Anyone who has lived in Florida probably already knows that we can have mold problems in or on our homes. This is due in part to Florida's humidity levels. While most homes in northern states never have a problem with mold growing on their roofs or siding, of the Lakeland real estate suffers from this malady.
Mold is found floating around in the air wherever you live, but when it lands on a host that can offer it moisture, it can quickly set up housekeeping. Dewy rooftops and siding, windows that have condensation build-up, air conditioning units and wet carpeting are all favorite habitats for mold.
Since mold can cause illness in humans, including allergic reactions from skin rashes to hay-fever type symptoms, getting rid of it as soon as you spot it, or better yet, preventing it from forming, is always the best way to proceed with indoor mold.
What Can be Done?
For roofs and siding, washing your Lakeland home with a power washer and a mold-killing soap or bleach formula will usually keep the mold at bay. While this will take care of the mold that is there, it is not a permanent cure and will probably need to be carried out at least once a year.
Mold on the inside of your home can also be cleaned and removed with a soap solution and water. Bleach is another alternative although bleaching mold is not the only effective way to kill it. Once the mold is removed, however, your job is not complete because if moisture continues to be present, the mold will most likely return.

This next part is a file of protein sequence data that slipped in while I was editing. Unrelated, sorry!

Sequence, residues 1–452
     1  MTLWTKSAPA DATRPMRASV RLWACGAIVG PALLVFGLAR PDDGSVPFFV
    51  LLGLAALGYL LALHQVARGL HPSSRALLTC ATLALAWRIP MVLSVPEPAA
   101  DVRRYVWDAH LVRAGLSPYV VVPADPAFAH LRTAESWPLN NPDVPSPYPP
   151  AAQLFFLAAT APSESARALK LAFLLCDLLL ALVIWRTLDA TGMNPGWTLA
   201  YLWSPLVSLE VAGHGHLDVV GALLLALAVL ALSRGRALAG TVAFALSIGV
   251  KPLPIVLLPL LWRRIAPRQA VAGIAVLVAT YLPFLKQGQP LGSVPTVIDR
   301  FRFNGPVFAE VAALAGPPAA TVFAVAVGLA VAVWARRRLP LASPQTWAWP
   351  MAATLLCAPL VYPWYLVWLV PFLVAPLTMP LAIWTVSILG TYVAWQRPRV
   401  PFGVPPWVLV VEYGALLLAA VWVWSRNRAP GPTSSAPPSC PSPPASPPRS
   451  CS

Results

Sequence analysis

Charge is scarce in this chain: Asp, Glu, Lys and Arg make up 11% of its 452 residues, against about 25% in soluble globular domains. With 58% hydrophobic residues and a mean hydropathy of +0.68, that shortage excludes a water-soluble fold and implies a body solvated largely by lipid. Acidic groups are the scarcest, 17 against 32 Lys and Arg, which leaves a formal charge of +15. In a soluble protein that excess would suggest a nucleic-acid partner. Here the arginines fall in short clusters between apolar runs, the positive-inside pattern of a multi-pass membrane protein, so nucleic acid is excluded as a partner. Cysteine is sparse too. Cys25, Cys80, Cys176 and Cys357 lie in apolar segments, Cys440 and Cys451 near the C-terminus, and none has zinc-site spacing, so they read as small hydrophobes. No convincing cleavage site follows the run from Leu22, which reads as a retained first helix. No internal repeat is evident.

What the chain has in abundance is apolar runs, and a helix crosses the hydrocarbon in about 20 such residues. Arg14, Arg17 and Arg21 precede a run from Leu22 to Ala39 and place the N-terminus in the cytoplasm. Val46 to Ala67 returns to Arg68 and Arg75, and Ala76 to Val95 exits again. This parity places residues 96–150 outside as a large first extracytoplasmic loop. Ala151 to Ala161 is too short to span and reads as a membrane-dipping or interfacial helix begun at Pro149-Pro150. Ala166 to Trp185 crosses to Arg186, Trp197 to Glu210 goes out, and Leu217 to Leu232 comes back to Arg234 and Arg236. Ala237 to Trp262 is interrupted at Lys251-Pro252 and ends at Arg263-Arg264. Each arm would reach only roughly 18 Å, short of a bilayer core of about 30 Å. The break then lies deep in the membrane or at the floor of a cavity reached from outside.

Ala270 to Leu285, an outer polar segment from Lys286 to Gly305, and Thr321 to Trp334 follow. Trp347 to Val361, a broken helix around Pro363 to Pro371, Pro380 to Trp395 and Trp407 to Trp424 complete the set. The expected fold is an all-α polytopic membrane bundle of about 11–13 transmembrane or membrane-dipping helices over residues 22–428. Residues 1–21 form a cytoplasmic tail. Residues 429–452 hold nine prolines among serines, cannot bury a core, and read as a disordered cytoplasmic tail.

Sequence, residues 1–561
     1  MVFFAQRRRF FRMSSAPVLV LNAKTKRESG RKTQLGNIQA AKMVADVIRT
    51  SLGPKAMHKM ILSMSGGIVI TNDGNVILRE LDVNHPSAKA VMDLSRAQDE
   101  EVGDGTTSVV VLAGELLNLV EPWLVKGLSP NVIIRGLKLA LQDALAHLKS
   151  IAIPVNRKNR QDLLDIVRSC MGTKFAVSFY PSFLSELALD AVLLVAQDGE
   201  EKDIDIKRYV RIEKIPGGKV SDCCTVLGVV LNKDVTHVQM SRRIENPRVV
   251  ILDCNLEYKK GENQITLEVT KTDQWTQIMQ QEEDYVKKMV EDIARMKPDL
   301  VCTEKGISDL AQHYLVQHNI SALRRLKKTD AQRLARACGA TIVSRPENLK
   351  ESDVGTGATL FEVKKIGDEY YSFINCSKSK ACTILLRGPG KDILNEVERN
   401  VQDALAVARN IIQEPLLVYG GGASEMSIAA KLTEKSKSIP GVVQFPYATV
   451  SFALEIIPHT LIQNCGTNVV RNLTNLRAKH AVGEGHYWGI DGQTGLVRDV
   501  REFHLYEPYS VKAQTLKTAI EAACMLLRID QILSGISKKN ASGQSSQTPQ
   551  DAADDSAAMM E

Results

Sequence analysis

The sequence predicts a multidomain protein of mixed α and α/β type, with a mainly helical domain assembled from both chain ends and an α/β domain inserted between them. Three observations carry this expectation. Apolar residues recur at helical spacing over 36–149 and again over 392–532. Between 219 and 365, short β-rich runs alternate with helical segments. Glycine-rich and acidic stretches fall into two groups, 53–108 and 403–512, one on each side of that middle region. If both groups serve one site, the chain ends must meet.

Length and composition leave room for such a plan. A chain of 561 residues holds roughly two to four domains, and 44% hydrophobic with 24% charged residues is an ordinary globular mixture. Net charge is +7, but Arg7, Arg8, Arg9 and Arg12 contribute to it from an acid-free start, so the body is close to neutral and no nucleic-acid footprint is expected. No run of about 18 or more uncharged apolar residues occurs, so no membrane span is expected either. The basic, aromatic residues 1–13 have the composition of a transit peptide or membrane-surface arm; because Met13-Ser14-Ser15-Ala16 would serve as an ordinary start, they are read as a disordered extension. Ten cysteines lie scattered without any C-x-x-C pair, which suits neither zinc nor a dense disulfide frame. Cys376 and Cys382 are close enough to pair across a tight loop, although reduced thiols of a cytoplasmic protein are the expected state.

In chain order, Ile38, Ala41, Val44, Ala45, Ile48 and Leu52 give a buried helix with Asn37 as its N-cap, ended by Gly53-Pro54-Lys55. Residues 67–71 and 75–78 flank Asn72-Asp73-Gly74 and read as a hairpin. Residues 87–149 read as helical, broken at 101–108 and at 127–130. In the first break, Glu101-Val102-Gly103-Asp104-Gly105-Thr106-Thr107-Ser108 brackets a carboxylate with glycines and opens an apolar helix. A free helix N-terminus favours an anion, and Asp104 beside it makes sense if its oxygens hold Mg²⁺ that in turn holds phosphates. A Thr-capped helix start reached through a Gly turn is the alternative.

So if you have a leak, fix it. If you have high humidity in your home, you should try to lower it with dehumidifiers and by venting moisture-producing appliances such as clothes dryers to the outside if at all possible. When showering run the bathroom fan or at least open the bathroom door so that humidity doesn't condense.
To prevent mold formations in the first place, clean up and dry out any wet areas in your home as soon as possible. For windows with condensation, dry them off every morning or whenever condensation appears. Also lowering the relative humidity in your home to no more than 50% will help with moisture in your house.
For more information on what mold is all about and tips on how to keep it out of your home, visit this EPA site.